DITL & VOM

Day in the Life and Volunteer of the Month 

September Speak Up
Day in the Life: Patti Beste

My name is Patti Beste and I have been a CASA volunteer since January 2015. I retired from LSU after twenty-five years of service where I served in various positions as a counselor, Assistant Dean and finally Senior Associate Registrar. Now I am enjoying life as a realtor for CJ Brown and love helping family, friends and anyone buy and sell all the wonderful houses in Baton Rouge. In addition, I am a Licensed Professional Counselor and work part time as the Site Counselor for City Year Baton Rouge, an Americorp Agency. I have a twenty-three year old daughter who recently graduated from LSU and two dogs, Bundy and Freddie. I often thought about becoming a CASA volunteer and called a couple of times to get orientation details. I found the right time and decided to attend orientation and complete training. 

I was assigned to my case in January 2015 to a two-year old girl named Melissa. Melissa’s mother, Dana, allegedly used drugs and was taken to the hospital. During the court hearing to address this matter, the mother was able to retain custody of Melissa due to an informal adjustment agreement that provided a safety monitor. After several months, Dana violated the terms of the informal adjustment agreement and Melissa entered foster care due to neglect.  

I am thankful that I was able to quickly bond with Melissa. Each month, we visited some of her favorite places which included the library, LASM, or the park. As most two-year olds do, she loved to swing and read books. Initially, Melissa was a bit sad and sullen but over time I saw her develop into a confident, self-assured little girl due to her placement with a loving, foster family who wanted to adopt her if possible.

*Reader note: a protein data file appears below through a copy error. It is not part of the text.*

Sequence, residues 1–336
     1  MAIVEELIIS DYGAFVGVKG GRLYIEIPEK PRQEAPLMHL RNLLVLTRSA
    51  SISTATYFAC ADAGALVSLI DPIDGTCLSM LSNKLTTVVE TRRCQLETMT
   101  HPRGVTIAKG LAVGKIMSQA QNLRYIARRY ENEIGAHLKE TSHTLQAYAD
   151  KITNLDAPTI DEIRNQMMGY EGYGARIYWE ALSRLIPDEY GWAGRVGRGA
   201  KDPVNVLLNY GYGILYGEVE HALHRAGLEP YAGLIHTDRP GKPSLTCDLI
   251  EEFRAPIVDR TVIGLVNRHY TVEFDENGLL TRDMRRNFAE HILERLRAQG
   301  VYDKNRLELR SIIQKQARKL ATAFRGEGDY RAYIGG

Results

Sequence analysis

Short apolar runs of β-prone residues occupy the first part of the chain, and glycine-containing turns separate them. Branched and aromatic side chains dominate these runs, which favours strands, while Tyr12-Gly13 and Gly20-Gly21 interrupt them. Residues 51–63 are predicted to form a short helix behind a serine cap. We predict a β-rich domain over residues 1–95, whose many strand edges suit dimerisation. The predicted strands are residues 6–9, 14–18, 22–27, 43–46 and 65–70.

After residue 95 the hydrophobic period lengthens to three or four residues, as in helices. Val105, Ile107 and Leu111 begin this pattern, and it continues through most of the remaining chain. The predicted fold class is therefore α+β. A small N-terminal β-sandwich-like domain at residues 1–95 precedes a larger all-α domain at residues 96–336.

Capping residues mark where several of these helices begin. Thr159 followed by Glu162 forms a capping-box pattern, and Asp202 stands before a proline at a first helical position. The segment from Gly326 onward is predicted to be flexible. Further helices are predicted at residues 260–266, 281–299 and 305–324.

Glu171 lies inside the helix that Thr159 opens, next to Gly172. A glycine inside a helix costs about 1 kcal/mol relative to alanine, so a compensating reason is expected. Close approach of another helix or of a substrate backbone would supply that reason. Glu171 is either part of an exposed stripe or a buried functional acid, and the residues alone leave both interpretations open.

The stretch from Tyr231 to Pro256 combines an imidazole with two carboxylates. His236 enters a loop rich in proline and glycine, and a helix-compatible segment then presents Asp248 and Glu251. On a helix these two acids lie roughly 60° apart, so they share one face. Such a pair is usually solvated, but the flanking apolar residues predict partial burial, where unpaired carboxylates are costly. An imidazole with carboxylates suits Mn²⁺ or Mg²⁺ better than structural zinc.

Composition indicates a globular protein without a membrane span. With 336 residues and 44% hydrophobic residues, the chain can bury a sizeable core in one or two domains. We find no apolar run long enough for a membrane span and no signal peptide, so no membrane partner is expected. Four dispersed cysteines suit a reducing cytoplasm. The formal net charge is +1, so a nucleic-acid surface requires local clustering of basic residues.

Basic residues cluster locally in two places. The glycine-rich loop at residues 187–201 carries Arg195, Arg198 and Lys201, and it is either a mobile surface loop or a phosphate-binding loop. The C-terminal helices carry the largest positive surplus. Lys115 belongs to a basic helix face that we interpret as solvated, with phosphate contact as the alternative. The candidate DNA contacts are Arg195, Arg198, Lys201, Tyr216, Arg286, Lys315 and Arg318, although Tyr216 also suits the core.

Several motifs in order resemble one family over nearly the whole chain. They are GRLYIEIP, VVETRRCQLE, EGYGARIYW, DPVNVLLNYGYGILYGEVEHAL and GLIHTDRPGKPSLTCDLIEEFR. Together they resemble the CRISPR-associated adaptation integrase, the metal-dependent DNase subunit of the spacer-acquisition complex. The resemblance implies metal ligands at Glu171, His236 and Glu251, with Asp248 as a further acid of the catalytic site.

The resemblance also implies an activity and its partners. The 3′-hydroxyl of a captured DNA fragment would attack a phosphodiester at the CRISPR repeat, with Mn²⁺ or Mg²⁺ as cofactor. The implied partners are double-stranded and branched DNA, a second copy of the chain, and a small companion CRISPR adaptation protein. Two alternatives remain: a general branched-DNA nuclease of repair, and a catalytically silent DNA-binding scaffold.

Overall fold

I attended court with Melissa on a couple of occasions to monitor Dana’s progress under the informal adjustment agreement. One of the most challenging aspects of this case was to see how much Melissa loved Dana and how visibly upset Melissa got each time she left her mother at court. Once Melissa was freed for adoption, I advocated for Melissa to be adopted by her foster family. Finding a permanent, solid, happy place for Melissa as quickly as possible was top priority. 

One frustration that I had was how long it took for the adoption to be finalized as it was over a year long wait. In July, all frustrations ceased when I was able to witness the adoption at court and know that there will be no further changes in Melissa’s life. Case frustrations aside, one of the most rewarding aspects of being a CASA volunteer is the relationship that I developed with Melissa. 

Witnessing Melissa blossom over the years was truly a rewarding experience for me and knowing that she has a forever family who loves her makes it all worth it in the end. 

Names changed for confidentially purposes. 


September Speak Up
Volunteer of the Month: John Douet

It is with great pleasure that I introduce John Douet as September’s Volunteer of the Month. John completed training in October 2016 and graciously accepted his first CASA case in November 2016. He was assigned to work with a sibling group, Eric age 11 and Evelyn age 9. John was their second CASA volunteer. The children entered foster care in August 2015 as a result of neglect/dependency. Allegedly, the children were sleeping in a park and at a neighbor’s home for the entire summer. School was about to start and the children were told they had to go home. Their mother refused to allow them in the house. A call was made to the DCFS hotline and Eric and Evelyn entered foster care where they remain to date with the hopes of being reunited with their father, Sam.